IBM’s offering will be compatible with the Hyperledger project hosted by the Linux Foundation. (Going to the generally well run Linux Foundation instead of the very troubled Bitcoin Foundation was and interesting and telling strategy.)
It’s a little hard to tell what exactly might be in this product. It is focused on the benefits of “blockchain”, though they do mention Bitcoin. They also promise private transactions and authenticated parties when needed, which obviously requires more than the basic Bitcoin blockchain. The web site mentions that the “network” consists of:
- “A decentralized peer-to-peer architecture with nodes consisting of market participants (such as banks and securities firms).
- Protocol peers validate and commit transactions in order to reach consensus”.
That is, there are two classes of nodes, the regular public “protocol nodes”, and IBM equipped, privately managed, “market participants”. The latter are presumably secured and trusted, while the former are the regular, “trustless” nodes.
Naturally, IBM (and Microsoft in its product) integrate the blockchain into their other (very impressive) software development and deployment services. I suspect that these products will be some of the easiest ways to create a robust business that uses blockchain transactions. Of course, you’ll be wired into the company’s other products, so this isn’t exactly the Bitcoin “one guy in his basement disrupting money” vibe.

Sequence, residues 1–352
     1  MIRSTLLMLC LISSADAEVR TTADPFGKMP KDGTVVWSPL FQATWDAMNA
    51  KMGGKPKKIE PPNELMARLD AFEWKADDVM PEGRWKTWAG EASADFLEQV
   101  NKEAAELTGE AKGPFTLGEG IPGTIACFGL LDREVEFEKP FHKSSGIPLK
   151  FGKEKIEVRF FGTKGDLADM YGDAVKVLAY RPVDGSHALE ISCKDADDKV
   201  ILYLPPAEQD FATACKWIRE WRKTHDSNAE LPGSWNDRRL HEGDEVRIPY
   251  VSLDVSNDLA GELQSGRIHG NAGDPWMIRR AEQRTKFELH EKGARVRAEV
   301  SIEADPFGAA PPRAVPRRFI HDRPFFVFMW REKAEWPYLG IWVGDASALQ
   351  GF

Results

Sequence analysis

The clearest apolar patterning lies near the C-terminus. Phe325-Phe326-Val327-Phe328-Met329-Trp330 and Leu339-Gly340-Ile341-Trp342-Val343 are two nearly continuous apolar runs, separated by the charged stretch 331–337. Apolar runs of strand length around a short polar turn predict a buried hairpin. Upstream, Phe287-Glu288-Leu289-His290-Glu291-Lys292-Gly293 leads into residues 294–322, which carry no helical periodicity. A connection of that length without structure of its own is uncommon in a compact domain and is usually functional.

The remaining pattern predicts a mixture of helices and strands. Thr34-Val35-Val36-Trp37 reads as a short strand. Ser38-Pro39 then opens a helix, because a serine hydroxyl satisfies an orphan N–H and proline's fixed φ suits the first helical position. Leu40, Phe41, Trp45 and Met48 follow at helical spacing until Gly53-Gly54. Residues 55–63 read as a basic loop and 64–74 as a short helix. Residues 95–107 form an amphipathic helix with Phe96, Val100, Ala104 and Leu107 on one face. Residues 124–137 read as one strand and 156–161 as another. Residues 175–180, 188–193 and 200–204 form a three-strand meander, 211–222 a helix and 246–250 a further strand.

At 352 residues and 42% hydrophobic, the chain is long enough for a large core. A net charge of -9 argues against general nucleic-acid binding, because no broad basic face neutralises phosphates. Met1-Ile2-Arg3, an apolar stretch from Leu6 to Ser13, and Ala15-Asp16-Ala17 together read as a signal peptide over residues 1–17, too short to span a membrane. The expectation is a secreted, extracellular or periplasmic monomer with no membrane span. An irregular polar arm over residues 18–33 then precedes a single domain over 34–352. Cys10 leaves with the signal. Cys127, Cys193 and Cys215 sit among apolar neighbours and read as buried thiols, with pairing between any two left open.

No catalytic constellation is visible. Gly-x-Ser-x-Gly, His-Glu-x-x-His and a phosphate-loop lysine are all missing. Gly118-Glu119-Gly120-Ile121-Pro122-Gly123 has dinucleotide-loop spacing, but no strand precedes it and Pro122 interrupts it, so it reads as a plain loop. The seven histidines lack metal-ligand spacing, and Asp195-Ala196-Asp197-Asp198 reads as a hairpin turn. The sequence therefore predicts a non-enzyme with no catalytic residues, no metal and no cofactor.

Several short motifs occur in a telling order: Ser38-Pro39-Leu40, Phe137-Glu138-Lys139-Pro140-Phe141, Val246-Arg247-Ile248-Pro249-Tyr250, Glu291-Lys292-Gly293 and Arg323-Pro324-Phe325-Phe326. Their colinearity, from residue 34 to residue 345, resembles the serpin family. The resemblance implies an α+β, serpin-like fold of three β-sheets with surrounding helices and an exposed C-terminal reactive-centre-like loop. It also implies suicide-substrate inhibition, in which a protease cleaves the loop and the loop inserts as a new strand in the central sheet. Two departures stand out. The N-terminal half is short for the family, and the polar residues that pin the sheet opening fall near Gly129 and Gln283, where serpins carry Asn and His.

IBM offers “chaincode” which lets you add blockchain operations to IBM business logic in ways that are analogous to their database operations. From my limited look, I don’t really understand exactly what this is doing, but it certainly is one way to create useful transactions using a blockchain. In particular, I’m not sure how this code may do “smart contracts”, “embedded in the blockchain”.
IBM and Microsoft are offering basically the same high quality services with and without blockchain. This will be a great opportunity for head to head comparisons. Given all the IBM infrastructure (which I’m sure is world class), I will be curious to learn how the blockchain compares to their other options for efficiently doing transactions at large scales.
A very interesting development.